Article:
Although those with Ebola are very infectious in the latter stages of their illness – early on – before vomiting and diarrhea set in, we’ve seen very little evidence of significant viral shedding.
Using this as a line of demarcation between the types of cleanup and decontamination, yesterday the CDC released interim guidance called:
Effective disinfectant product(s): Use an Environmental Protection Agency (EPA)-registered hospital disinfectant according to manufacturer’s instructions with a label claim against a non-enveloped virus, such as norovirus, rotavirus, adenovirus, or poliovirus. Currently, no EPA-registered disinfectant products will have a statement on the label that specifically says it can kill Ebola virus. However, any EPA-registered disinfectant that is effective against a non-enveloped virus will also be effective against Ebola virus.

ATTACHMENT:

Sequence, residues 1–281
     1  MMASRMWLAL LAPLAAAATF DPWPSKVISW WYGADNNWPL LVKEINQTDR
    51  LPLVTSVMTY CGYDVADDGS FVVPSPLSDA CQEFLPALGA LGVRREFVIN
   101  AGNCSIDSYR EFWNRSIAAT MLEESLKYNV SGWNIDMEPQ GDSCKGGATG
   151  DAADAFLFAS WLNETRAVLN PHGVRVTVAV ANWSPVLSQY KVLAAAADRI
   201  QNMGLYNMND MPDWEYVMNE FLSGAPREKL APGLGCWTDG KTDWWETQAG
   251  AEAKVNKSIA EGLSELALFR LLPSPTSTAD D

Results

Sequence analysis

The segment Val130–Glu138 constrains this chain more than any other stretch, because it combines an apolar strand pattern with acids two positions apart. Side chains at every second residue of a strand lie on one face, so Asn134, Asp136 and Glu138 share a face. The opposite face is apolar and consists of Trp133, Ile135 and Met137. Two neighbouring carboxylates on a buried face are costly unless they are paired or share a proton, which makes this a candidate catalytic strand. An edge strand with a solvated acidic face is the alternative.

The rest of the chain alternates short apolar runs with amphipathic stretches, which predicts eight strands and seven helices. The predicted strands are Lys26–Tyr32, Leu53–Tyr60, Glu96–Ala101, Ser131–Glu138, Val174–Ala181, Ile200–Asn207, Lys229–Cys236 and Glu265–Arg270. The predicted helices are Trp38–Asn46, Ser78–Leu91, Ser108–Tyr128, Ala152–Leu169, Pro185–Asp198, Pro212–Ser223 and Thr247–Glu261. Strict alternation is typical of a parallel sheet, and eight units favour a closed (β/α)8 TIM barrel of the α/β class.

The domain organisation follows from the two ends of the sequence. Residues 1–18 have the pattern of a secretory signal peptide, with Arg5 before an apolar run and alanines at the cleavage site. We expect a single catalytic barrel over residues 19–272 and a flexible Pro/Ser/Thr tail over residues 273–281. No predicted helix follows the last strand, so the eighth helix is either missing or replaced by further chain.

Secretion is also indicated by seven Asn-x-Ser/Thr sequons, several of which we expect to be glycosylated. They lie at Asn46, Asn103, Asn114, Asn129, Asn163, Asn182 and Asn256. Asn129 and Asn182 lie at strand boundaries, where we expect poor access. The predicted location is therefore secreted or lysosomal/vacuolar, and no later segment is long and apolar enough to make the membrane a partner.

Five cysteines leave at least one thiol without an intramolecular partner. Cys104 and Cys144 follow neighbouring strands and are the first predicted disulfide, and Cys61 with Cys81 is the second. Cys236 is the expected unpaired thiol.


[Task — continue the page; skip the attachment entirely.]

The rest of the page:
One simple way to identify an appropriate product effective against Ebola virus is to use a product included in EPA’s List L: Disinfectants for Use Against the Ebola Virus.
- Level of cleaning and decontamination: Once a person has been confirmed to have Ebola, the way to decontaminate the residence depends on the person’s symptoms at the time they were in the residence:
- Cleaning by residents - If the person with Ebola only had a fever with no gastrointestinal (e.g., diarrhea, vomiting) or hemorrhagic (bleeding) symptoms while he or she was in the residence, the person should not be contaminating their environment. Therefore, remaining members of the residence can clean and launder as normal.